Given that it might also have made for uncomfortable and possibly compromising pillow-talk with his partner, the Sky News anchor Kay Burley, Pascoe-Watson has no doubt that he made the right call. "Being in print in politics is 10,000 times better in every respect than being in broadcasting," he says. "Even for someone of [BBC political editor] Nick Robinson or [ITN political editor] Tom Bradby's level. They always have to be in places to do interviews and standups, they have to bother with packages and all the rest of it. Our job at the end of the day is to fish for information and the more time I can spend doing that the better."

Pascoe-Watson has plenty of experience at the journalistic coalface. Born in Edinburgh in 1966, the son of an RAF pilot and a nursing sister, he eschewed a university education and instead completed a two-year journalism diploma at Napier College in Edinburgh. (Napier only became a university later, in 1992.) Reporting jobs in the West Country followed, but when the news agency he worked for went bust, he packed all his belongings into his Ford Cortina and holed up in a cousin's squat in Tooting, south London. Having rung every newsdesk in the capital, he started shifting on the Sun the night of his arrival. He was 21, and has been there ever since.

Pascoe-Watson has reported on three administrations, two Tory and one Labour, and the big question is whether the Sun's always qualified but now fast-evaporating support for Tony Blair will vanish entirely as the prime minister prepares to leave Downing Street. The paper's backing for New Labour always centred on Blair, himself, rather than the party and there are certainly signs that the Sun is warming to David Cameron. Pascoe-Watson reveals that Murdoch, whose policy is to back winners, has held a meeting with Cameron in the past couple of months. In words that might chill the blood of Gordon Brown, he says: "We are very impressed by Cameron. I would say that at this time, there has never been a better time for the Sun to look more favourably at the Conservatives. We like what we see of him so far. The next four years give Cameron - and Brown - the opportunity to impress or let down the Sun."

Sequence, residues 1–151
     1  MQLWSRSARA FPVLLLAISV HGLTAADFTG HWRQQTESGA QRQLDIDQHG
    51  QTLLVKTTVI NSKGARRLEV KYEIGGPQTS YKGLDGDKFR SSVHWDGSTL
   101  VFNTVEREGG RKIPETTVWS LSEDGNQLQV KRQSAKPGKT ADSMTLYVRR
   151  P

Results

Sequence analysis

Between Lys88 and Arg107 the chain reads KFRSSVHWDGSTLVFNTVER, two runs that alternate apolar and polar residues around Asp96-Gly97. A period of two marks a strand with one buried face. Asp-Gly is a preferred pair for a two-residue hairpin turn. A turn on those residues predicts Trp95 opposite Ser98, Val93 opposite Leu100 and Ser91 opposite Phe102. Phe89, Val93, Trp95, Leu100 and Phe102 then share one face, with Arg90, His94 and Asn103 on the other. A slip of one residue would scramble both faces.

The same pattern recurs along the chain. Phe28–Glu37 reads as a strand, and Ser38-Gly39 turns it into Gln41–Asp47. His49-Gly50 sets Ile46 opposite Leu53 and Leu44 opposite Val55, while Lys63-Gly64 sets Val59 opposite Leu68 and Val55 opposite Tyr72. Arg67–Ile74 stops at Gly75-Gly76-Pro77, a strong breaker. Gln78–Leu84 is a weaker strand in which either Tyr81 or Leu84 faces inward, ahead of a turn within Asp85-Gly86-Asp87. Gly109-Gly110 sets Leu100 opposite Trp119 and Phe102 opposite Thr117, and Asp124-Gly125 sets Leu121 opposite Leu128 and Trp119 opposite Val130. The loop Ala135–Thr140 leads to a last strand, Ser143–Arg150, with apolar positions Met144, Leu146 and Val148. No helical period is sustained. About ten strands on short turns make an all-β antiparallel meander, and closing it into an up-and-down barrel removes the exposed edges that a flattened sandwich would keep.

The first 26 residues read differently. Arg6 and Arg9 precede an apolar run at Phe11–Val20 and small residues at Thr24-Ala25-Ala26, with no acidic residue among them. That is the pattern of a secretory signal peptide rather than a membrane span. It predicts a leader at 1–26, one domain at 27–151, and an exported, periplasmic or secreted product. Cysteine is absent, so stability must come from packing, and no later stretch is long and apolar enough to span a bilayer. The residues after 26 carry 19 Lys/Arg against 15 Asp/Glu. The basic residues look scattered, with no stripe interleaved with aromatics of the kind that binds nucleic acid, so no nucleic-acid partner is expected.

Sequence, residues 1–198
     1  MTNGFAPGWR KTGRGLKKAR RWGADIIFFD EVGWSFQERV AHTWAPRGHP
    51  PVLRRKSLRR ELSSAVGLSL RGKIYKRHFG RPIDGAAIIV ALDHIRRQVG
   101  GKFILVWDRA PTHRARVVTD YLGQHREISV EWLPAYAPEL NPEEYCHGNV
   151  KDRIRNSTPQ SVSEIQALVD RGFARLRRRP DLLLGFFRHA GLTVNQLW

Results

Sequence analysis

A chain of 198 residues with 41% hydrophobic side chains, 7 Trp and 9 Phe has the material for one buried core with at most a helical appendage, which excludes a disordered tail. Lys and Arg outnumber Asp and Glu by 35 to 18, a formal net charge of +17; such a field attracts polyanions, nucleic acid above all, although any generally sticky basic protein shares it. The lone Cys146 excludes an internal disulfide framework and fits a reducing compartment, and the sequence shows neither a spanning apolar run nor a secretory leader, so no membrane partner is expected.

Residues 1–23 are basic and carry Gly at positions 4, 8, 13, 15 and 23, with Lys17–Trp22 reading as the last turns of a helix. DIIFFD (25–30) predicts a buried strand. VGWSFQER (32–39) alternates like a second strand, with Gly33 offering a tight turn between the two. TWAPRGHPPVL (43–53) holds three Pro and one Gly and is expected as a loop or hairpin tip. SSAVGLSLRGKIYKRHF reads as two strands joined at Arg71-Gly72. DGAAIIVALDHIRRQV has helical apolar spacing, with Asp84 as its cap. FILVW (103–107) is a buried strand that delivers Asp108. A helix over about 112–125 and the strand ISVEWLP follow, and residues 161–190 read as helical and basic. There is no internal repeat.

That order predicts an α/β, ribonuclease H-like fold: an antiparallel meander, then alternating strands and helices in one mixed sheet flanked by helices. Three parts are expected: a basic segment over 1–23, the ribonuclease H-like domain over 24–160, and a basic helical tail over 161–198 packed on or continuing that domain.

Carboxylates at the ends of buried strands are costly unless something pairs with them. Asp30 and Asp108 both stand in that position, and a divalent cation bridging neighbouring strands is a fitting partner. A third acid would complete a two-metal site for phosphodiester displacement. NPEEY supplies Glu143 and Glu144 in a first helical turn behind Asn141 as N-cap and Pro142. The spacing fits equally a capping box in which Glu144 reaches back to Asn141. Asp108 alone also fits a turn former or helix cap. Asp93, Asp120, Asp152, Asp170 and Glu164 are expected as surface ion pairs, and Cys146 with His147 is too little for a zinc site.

Cameron's appeal, it turns out, is that he is, like Blair, a pretty straight sort of guy. Despite the upper crust trappings, Citizen Dave appears to be, according to the Sun, "in tune with lots of working men and women in Britain. We on the Sun think that Cameron is showing a sense that he understands what people want in this country."

But Pascoe-Watson - who will lead a revamped Sun politics team that includes a new signing from the Sunday Times, Andrew Porter, as his deputy - has some encouraging words for Brown too. "Although [Brown] has a past, my reading of him is that he has been very strong on the economy, a very strong defender of the pound, he is Eurosceptic which is what we want him to be and seems to be perfectly in tune with us on the work ethic."

In the end, the final decision about which party to back at the next election will be taken "late in the day" by "Rupert Murdoch in discussion with the editor, with input from Trevor and I hope, next time round, from me too".